Published in Restaurant & Food News

Best Auto Service for Honesty’s Sake

Cam Stone’s Automotive

Cam Stone’s Automotive in Palm Desert is the kind of auto-service shop every woman dreams of—at least women (and men) like me who know little to nothing about car repairs.

The people at Cam’s do good work, are honest, and never seem to recommend anything you don’t really need. And if money’s really tight … you can ask them what absolutely, positively has to be done; they’ll let you know how far you can push the part you can’t afford to have replaced today before a major mishap occurs.

Guy Allchin (pictured here with his family), who runs it, and Karl, his excellent sidekick, are straight-up guys who explain things so you can understand them and so you can make the best decisions to keep your wheels on the road. 74867 Velie Way, Palm Desert; 760-568-2999; camstonesautomotive.com.

—Anita Rufus


Best Sandwiches Inside a Convenience/Liquor Store

Larry’s Gourmet Market and Deli

From the outside, Larry’s Gourmet Market and Deli looks like a run-of the-mill liquor store, selling the usual stuff. But … go inside, and you’ll see Larry’s is an unexpected, family-run treasure chest.

For one thing, the deli is really good. We’ve enjoyed everything we’ve gotten there, but our favorite is the meat-filled Don Veto specialty sandwich (pictured here).

Larry’s also has a variety of interesting gourmet items you might not find elsewhere. One example: On a recent trip, we got a box of delicious rose-flavored Turkish delight candy.

Along with a nice variety of beer and hard liquor, Larry’s carries a respectable wine selection that goes from very cheap to the $100-a-bottle range. There’s even a refrigerated wine room in the back that feels great in the heat of summer.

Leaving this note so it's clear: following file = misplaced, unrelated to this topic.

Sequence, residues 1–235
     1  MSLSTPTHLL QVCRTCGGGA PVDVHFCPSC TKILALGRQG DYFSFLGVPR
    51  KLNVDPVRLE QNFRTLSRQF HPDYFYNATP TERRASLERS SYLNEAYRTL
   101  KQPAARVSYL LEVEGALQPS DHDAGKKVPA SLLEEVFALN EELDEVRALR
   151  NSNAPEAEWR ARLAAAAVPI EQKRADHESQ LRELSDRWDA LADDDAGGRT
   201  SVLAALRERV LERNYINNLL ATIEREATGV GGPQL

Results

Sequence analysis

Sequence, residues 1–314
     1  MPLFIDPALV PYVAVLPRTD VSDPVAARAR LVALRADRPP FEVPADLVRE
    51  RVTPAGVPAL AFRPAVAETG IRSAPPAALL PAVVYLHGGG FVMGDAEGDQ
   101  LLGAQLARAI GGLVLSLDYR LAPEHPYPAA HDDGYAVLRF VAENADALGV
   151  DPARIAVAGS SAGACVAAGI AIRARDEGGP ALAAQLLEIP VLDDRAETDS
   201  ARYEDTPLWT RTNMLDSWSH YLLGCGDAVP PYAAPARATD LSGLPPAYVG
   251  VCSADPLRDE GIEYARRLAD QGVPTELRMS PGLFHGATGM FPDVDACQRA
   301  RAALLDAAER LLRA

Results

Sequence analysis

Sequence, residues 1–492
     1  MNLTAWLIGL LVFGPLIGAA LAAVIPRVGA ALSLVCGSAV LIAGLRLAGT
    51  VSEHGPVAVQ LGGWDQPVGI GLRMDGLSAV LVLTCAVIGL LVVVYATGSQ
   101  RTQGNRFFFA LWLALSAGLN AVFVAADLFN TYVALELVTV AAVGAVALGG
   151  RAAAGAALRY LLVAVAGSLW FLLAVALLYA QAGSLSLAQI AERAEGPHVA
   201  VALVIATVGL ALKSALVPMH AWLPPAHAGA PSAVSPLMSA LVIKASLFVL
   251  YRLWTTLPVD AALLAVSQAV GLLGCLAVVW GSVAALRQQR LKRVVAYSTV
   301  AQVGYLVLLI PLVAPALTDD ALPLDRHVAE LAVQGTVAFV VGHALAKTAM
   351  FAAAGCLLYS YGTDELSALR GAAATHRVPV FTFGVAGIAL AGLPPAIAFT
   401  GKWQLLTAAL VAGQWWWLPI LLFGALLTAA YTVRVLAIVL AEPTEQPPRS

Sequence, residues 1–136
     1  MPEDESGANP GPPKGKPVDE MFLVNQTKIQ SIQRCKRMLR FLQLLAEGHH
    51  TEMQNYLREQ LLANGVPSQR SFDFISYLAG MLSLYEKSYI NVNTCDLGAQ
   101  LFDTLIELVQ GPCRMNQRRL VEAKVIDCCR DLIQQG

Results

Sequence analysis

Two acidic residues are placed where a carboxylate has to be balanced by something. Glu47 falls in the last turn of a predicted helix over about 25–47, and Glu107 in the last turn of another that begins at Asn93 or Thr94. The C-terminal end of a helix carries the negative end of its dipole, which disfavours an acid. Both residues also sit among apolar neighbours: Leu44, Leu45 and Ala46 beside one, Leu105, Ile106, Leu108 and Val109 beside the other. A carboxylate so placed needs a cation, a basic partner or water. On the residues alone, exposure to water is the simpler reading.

Just don’t go to Larry’s looking for lottery tickets. They don’t sell them … which, for us, classes up the place. 2781 N. Palm Canyon Drive, Palm Springs; 760-832-7188; larrysgourmetmarket.com.

—Jeffrey Clarkson


Best Place to Avoid If You’re Arachnophobic

The VW Spider on Indian Canyon Drive at Interstate 10

When you’re driving by, you can’t help but notice the massive spider looming large in front of a warehouse with “Hole in the Wall” emblazoned across the front. And you may have wondered, like me: What? How? Why?

After some sleuthing, I discovered that the 28-foot high, eight-legged hunk of metal formerly fronted a Volkswagen repair shop, Hole in the Wall Welding. The enormous recycled artwork (the spider body is a full-size VW bug) was created by owner/welder/mechanic/desert rat Bob Miner, who passed away in 2008. The repair shop no longer exists, but Bob’s family still resides in the warehouse.

If you’re into kitsch and not afraid of creepy crawlers, this hairy-legged arachnid is a quirky must-see landmark. If you are afraid … avoid Indian Canyon Drive (next to Jack in the Box), just south of the Interstate 10.

—Beth Allen


Best Place to Pretend You’re on the Set of a David Lynch Movie

Open-Mic Night at the Palms Restaurant in Wonder Valley

The Palms is one of those middle-of-nowhere places that’s really a groovy hangout. It’s a throwback, with very affordable booze—$1.50 for a can of Pabst beer; $3 for a domestic bottle; shots starting at $4—and cheap tasty, eats (the onion rings and fried zucchini are delish), all in an atmosphere that’s weathered, worn-in, kooky and cool.

Every Friday at 7 p.m. (with signups starting at 6:30), The Palms hosts an open-mic night, where there’s a good chance reality may become fuzzy—all in the name of “entertainment.” Spoken word, comedic acts, genuinely gifted musicians, not-so-gifted musicians … there’s something for everyone. You may witness folks like “Grannie”—a toothless senior in a cute wig and cowboy hat—crooning “Stand by Me,” a cappella, in a gruff, “I’ve been smoking a pack a day for the last 60 years” voice. The Palms’ open mic is truly strange and endearing at the same time. The Palms Restaurant, 83131 Amboy Road, Wonder Valley; 760-361-2810. (Pictured: Guitar-player Karl Van Dyke performs at The Palms’ open-mic night. Photo courtesy of Joseph Barrett.)

—Beth Allen


Best Tapas and Wine Hideout

Counter Reformation at the Parker Palm Springs